This is a guest post by political scientist Salomon Orellana.
The United States has a prison population of over 2.2 million people — just over 1 percent of adults — and another 5 million under probation or parole. The costs of this appear to be unsustainable, not only in terms of the financial costs associated with incarceration but also the damage inflicted on families and communities. And despite these costs, the United States still has the highest murder rate among advanced democracies. It’s no surprise, then, that prison reform is an increasingly bipartisan issue.
What can be done about the incarceration rate? My research argues that the American two-party system is part of the problem. In my new book I find that countries with two-party systems tend to have higher incarceration rates because they are more susceptible to “policy pandering.” Policy pandering happens when politicians pursue votes by taking positions and adopting policies that appeal to voters’ preference for quick-fix policies — even when these policies that are often detrimental to the society’s longer-term interests.
On issues related to “safety,” politicians try to win votes by emphasizing toughness. And when both parties (in a two-party system) emphasize toughness it sends a message to the public that toughness is the only legitimate response to crime. It should be no surprise that citizens in countries with two-party systems then tend to prefer punitive responses to crime, and that these preferences, in turn, encourage or force politicians to promote and adopt more “tough on crime” policies that further drive up incarceration rates.
Here is a bit of evidence from the book. The graph below compares the incarceration rate in various countries with “legislative fractionalization,” or the probability that two deputies picked at random from the legislature will be from different parties. A score of .5 — which is about what the United States scores — indicates a pure two-party system.
The graph shows a clear correlation: incarceration rates are considerably lower in countries with more diverse party systems. Further statistical analyses accounting for other factors suggest that countries with two-party systems incarcerate almost 200 more people (per 100,000 population) than countries with the most diverse party systems (countries such as the Netherlands, Sweden, and Norway). That is a remarkable difference.
The graph also shows that the United States is an extraordinary outlier — with a 2008 incarceration rate of over 700 prisoners per 100,000 people. Thus, although the American two-party system certainly does not explain everything about the U.S. incarceration rate, the country would nevertheless benefit from the presence of a “consistently heard” dissenter that can help break the vicious cycle of pandering.
In multiparty systems, minor parties usually play that dissenting role. Especially in proportional systems, minor parties can win seats with a small percentage of the vote and thus take risks that major parties cannot, such as proposing alternatives to punishment. Third-party positions receive significant media attention and in the long run exposure to these positions can help make public preferences less punitive.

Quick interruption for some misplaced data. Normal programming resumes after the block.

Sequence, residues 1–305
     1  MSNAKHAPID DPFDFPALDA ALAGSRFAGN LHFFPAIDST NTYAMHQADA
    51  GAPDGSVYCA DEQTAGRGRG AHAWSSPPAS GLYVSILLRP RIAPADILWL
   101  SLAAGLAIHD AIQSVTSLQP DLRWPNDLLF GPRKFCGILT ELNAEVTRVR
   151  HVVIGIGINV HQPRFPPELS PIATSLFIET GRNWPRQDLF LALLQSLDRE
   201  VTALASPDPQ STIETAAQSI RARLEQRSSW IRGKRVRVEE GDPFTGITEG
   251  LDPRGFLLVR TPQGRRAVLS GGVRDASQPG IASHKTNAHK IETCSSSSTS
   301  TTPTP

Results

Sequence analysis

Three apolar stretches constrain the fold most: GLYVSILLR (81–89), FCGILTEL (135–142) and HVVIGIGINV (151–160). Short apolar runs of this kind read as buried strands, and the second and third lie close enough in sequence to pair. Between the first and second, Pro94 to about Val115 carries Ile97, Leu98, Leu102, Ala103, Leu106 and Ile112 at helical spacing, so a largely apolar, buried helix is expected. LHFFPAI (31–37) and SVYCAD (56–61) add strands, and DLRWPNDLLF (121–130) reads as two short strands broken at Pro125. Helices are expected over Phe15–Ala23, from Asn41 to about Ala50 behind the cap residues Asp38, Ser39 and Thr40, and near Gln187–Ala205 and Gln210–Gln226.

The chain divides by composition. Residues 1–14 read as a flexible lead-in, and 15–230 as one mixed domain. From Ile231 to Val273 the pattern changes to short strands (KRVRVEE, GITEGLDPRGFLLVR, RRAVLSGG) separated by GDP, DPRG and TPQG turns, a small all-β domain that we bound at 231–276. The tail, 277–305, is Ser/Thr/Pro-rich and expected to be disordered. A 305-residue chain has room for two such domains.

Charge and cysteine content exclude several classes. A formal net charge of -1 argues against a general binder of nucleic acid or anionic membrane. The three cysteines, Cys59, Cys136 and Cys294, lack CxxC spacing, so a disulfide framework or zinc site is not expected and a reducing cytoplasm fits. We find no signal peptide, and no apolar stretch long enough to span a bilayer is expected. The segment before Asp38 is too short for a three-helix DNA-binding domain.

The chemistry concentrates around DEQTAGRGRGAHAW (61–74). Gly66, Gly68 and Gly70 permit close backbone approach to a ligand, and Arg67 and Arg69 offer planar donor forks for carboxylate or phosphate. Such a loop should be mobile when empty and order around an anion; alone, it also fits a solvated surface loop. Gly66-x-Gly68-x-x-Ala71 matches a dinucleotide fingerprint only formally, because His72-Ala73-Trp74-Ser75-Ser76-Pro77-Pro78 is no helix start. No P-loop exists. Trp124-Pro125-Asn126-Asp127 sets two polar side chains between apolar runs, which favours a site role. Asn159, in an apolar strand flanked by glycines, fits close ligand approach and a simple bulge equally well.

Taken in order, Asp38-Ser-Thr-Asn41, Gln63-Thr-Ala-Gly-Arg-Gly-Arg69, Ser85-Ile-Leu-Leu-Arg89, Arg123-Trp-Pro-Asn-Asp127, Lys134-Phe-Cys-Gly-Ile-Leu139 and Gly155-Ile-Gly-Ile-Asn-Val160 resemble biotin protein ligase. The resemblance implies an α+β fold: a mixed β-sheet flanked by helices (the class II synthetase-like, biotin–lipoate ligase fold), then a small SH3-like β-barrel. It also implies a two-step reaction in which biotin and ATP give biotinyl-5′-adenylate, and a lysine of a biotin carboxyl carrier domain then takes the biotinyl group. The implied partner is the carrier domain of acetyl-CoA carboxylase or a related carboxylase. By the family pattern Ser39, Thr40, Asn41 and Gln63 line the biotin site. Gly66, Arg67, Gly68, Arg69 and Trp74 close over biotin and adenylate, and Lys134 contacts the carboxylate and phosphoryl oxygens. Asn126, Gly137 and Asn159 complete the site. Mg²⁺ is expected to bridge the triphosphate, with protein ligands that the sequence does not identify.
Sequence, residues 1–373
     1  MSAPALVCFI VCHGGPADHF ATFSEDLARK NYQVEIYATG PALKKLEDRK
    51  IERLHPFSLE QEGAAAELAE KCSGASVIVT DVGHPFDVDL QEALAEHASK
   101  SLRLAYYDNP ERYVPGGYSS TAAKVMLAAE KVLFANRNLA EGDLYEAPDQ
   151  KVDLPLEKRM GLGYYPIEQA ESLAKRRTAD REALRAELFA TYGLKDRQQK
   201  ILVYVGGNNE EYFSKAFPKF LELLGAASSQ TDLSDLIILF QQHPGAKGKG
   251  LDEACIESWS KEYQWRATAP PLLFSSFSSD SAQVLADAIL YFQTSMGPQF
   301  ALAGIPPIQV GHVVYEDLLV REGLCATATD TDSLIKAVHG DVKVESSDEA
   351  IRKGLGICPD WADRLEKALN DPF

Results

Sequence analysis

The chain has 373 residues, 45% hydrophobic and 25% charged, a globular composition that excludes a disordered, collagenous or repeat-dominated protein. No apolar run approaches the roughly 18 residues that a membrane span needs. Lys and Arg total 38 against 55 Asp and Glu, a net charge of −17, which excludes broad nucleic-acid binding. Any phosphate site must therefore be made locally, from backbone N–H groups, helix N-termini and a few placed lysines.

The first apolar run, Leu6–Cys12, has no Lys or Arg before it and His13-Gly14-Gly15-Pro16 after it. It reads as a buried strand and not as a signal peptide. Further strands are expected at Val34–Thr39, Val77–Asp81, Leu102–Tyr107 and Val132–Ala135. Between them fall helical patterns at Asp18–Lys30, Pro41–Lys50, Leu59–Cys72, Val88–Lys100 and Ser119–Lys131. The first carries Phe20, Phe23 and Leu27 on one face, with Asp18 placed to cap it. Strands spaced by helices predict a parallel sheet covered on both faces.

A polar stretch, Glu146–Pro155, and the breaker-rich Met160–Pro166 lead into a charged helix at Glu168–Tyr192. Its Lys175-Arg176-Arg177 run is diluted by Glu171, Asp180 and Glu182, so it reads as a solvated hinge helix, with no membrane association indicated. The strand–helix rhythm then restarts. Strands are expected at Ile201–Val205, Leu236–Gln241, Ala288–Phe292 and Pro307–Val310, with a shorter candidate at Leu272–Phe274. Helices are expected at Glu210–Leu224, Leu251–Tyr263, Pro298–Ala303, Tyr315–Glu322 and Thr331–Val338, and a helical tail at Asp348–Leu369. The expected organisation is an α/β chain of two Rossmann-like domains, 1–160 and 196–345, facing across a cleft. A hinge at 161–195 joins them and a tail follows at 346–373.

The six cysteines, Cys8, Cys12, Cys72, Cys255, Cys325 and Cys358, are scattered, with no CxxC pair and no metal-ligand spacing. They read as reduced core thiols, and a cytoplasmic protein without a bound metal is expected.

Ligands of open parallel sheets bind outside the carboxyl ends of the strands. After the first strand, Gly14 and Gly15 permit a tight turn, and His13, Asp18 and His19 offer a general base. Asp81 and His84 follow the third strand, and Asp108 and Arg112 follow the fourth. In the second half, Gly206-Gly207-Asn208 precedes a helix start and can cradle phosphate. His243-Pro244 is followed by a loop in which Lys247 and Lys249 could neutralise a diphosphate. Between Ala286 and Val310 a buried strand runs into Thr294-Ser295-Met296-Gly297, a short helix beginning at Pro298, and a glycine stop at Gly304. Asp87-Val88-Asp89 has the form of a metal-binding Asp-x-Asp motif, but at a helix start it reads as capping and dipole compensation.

New Zealand is a good example. I examined the policy ideas that appeared in New Zealand’s largest newspaper before and after reforms in the mid-1990s that transformed New Zealand from a two-party system to a multiparty system. Under the two-party system, election coverage almost exclusively centered on tough-on-crime policies. Under the multiparty system, minor parties received much more attention and consequently a wider variety of positions emerged. There were still calls for punishment and enforcement, but there were also calls for alternative solutions. For example, the Greens, Alliance, and Legalize Cannabis parties promoted policies such as drug decriminalization, rehabilitation centers instead of prisons, mental services for the “criminally ill,” restorative justice and a general focus on prevention.
Of course, if the United States were to adopt a multiparty system, its incarceration rate would likely remain well above average due to other factors. For example, my research shows that having an elected president seems to magnify the pandering dynamic, especially when presidents are chosen via plurality rules rather than a runoff method, which tends to encourage more parties to compete for the presidency.
Moreover, there are clearly limits to what electoral system reforms can accomplish. Israel has a multiparty system and a relatively high level of incarceration. Israel’s broader security concerns may be one factor. On the other hand, it is always worth asking what Israel’s incarceration rate might be, if it had a two-party system and a president.
Institutions like party systems and the presidency are rarely reformed in significant ways, of course. But the potential effects of reform could be realized in other ways, such as via more media attention to minor parties, giving minor parties greater access to debates, or even providing minor parties with resources to disseminate their ideas.
Regardless of how reform might be implemented, the important point remains: the high rate of incarceration in the United States has roots in its electoral system. More political parties could ultimately mean fewer people behind bars.